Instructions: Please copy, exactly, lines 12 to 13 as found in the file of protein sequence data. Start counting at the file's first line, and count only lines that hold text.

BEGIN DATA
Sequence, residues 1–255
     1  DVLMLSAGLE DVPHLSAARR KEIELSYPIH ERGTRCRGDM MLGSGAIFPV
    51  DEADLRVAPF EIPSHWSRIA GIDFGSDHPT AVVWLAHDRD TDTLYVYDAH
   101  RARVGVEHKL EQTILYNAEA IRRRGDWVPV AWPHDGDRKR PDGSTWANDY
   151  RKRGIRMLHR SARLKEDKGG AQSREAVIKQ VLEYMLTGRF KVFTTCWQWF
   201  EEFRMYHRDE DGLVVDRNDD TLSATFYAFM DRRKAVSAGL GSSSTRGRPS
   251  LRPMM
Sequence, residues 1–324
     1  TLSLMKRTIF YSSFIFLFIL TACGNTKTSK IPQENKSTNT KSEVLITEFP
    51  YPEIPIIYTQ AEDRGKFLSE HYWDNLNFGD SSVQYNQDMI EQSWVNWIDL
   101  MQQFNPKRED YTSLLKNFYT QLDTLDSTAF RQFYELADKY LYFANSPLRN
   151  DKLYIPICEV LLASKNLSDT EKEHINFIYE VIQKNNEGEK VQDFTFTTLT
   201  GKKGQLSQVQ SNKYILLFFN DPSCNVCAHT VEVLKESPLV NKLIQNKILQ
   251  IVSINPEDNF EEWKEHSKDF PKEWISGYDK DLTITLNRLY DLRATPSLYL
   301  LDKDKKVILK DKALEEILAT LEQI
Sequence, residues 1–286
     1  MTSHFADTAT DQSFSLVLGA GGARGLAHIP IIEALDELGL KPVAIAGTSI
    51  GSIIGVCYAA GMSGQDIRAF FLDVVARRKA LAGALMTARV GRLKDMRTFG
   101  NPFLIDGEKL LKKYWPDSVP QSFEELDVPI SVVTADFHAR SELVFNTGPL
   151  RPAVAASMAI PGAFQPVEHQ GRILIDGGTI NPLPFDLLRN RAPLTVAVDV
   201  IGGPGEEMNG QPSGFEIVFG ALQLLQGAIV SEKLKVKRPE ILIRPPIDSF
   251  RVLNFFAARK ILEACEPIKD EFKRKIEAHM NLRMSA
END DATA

   151  DKLYIPICEV LLASKNLSDT EKEHINFIYE VIQKNNEGEK VQDFTFTTLT
   201  GKKGQLSQVQ SNKYILLFFN DPSCNVCAHT VEVLKESPLV NKLIQNKILQ